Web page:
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עמוד בית
Thu, 13.06.24

Original Articles

IMAJ | volume

Journal 9, September 2000
pages: 668-671

Serum Total Cholesterol and Cardiovascular Mortalityin Israei Males: he CORDIS Study

    Summary

    Background: The degree to which serum total cholesterol predicts cariovascular disease is uncertain. While most authors have placed TC among the most powerful risk indicators of CVD, some have claimed that it predicted CVD in women only, or even not at all.

    Objective: To determine the predictive value of serum total cholesterol relative to diabetes, smoking, systolic blood pressure and body mass index (kg/m2), for cardiovascular disease mortality in 3,461 occupationally active Israeli males.

    Methods: A prospective follow-up was carried out for the years 1987-1998 to determine the effect of age, smoking habits, a history of diabetes, SBP, BMI and TC, at entry, on CVD mortality.

    Results: There were 84 CVD deaths during a total of 37,174 person-years follow up. The hazard ratios (95% confidence intervals) for CVD mortality with respect to variables at entry were: diabetes 5.2 (2.1-13.2), age 2.2 (1.7-2.9), smoking 1.3 (1.0-1.8), SBP 1.4 (1.1-2.0), TC 1.5 (1.0-2.1) and BMI 1.2 (0.7-2.2). Among non-obese, non-diabetic, normotensive subjects the hazard ratio of TC adjusted for age and smoking was 1.16 (1.09-1.22) per 10 mg/dl. In the remaining subjects it was 1.04 (0.98-1.12) only. There was a significant interaction between TC and diabetes, hypertension or obesity (P=0.003).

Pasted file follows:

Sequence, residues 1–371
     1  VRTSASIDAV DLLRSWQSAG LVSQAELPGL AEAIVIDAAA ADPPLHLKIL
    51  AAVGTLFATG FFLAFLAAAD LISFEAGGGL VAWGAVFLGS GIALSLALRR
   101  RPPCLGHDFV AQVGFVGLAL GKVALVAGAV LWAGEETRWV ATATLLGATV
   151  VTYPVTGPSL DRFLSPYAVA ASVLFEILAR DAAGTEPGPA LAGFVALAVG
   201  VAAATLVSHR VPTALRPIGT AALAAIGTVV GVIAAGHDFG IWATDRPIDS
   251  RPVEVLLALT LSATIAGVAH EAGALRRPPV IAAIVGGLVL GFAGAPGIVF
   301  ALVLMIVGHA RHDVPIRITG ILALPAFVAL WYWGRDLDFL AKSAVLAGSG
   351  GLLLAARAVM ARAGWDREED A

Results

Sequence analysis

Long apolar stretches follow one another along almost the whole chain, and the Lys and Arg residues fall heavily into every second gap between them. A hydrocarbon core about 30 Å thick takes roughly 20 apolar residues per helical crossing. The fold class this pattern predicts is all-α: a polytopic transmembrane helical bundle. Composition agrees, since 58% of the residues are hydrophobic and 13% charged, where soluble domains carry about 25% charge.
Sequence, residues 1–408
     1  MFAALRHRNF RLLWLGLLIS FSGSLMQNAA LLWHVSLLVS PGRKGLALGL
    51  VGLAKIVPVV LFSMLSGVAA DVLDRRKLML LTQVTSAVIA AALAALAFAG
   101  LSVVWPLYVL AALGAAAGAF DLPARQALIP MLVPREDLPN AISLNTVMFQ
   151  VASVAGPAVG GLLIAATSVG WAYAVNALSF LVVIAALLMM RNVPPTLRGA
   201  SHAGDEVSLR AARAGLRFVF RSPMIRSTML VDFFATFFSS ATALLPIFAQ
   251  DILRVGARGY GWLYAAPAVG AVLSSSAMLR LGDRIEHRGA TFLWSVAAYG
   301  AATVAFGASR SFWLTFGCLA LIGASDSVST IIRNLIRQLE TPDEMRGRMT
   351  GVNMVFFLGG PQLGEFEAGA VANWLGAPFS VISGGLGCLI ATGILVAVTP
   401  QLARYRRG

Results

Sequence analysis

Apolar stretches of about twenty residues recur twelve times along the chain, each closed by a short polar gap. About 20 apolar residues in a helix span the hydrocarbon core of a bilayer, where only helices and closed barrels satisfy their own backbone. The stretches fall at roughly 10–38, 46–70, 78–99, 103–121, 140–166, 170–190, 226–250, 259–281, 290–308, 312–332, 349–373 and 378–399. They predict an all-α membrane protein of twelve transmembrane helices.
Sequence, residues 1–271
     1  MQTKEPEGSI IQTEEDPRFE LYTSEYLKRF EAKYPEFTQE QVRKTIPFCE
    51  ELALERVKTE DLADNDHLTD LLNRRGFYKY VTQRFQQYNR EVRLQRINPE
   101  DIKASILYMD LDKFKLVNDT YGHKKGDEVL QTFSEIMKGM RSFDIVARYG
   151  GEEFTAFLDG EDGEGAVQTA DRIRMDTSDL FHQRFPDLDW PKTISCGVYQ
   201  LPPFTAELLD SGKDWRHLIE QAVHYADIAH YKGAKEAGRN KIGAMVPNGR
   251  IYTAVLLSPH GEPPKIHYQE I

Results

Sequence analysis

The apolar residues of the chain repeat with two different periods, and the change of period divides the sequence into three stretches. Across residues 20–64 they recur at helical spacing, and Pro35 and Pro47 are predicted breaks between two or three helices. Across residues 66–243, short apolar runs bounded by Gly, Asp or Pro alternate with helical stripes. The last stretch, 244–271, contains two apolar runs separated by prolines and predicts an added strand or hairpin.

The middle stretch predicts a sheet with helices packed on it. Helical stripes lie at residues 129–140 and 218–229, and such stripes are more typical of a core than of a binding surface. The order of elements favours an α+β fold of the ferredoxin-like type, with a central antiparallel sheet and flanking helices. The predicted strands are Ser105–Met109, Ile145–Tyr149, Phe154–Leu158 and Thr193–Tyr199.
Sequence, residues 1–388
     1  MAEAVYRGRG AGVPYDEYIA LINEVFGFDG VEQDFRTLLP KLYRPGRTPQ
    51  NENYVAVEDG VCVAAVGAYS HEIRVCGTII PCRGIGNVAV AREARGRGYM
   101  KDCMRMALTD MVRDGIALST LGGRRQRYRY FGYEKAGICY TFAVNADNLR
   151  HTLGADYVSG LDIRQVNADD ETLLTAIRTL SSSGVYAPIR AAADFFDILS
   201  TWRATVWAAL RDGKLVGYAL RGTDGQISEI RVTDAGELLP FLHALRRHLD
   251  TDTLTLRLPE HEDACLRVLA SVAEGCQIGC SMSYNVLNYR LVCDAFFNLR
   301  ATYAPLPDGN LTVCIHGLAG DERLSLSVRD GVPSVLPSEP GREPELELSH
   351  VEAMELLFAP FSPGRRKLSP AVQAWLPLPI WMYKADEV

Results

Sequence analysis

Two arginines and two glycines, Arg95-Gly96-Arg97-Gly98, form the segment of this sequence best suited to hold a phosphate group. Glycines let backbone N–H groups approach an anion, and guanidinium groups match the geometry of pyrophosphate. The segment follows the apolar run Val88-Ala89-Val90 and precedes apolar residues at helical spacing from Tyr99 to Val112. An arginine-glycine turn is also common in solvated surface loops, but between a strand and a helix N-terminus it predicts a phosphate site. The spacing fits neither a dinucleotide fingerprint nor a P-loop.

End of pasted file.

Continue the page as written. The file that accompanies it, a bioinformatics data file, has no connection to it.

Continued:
Conclusions: In this population of Israeli males we found an interaction between TC and other risk indicators for CVD. Confirmation is required for the unexpected finding that the predictive value of TC for CVD mortality among non-diabetic, non-obese and normotensive subjects exceeded that among subjects with either of these risk factors.

     

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